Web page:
Sandbox Regulation - A key to Fintech innovation
Fintech activities in Vietnam are currently not well-regulated in the legal system. In fact, fintech companies operating P2P lending services or using blockchain platforms only need to have a “Business Registration Certificate”.
If a company wants to implement new projects, it must send a dossier to the authorities explaining its product or service plan and wait for ad-hoc approval. This is problematic as the lack of a legal framework means that the authorities are unsure on how and on what basis to assess dossiers submitted and to allow new activities in the fintech market. As a result, dossiers are usually left pending or rejected. On the other hand, the lack of regulations allow many companies to operate without satisfying any legal requirements. Such operations fall outside the control of authorities and pose significant risks related to high-tech crimes and fraud or financial crimes, such as theft of personal information, tax evasion, money laundering, or unlawful capital mobilisation.
To cope with the rapid development of fintech, financial management agencies in Vietnam face challenges and difficulties in controlling risks related to information security and preventing unauthorized use of customer personal information. This underscores the urgent need for a legal framework for fintech, to which Vietnam can refer to the experience of developed countries in developing those legal frameworks.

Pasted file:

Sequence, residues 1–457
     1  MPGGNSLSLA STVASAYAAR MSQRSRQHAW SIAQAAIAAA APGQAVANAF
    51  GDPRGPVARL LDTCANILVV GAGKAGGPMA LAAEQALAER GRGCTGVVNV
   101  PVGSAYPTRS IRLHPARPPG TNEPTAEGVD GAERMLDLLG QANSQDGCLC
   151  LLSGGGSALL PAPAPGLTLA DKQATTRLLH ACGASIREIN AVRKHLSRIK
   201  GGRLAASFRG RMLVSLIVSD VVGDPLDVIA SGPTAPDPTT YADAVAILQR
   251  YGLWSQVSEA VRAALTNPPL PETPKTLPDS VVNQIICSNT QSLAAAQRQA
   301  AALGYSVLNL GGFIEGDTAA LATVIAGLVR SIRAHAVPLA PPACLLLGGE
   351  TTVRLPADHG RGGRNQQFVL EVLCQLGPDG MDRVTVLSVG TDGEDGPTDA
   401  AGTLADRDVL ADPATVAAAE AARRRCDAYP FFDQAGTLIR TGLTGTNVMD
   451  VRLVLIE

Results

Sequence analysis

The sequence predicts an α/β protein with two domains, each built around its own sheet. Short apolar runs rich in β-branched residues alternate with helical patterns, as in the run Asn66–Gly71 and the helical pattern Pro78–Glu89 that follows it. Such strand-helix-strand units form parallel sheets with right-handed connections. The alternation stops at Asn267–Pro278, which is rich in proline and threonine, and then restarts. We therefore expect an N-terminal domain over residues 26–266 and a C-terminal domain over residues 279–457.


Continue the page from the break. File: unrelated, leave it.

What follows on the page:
The pilot mechanism enacted in other developed countries for fintech companies is called the Fintech Regulatory Sandbox. It aimed to create experimental legal frameworks for new business models, when the current regulatory framework does not yet contain proper regulations specific to the new technology or business model of the fintech companies. The first Sandbox was deployed in the UK in 2015 and now, more than 30 countries are also implementing Sandbox. Particularly in Southeast Asia, there are 4 countries that have built and deployed regulatory sandboxes, namely: Singapore, Thailand, Malaysia and Indonesia.
A sandbox is a framework set up by a financial sector regulator to allow small-scale live testing of innovative technology or business models by private firms in a controlled environment (operating under a special exemption, allowance, or other limited, time-bound exception with limited legal liability) under the authorities’ supervision. A sandbox typically works as depicted in the image below:
The process of Sandbox’s scheme can be divided into 4 stages, and as shown in the image below: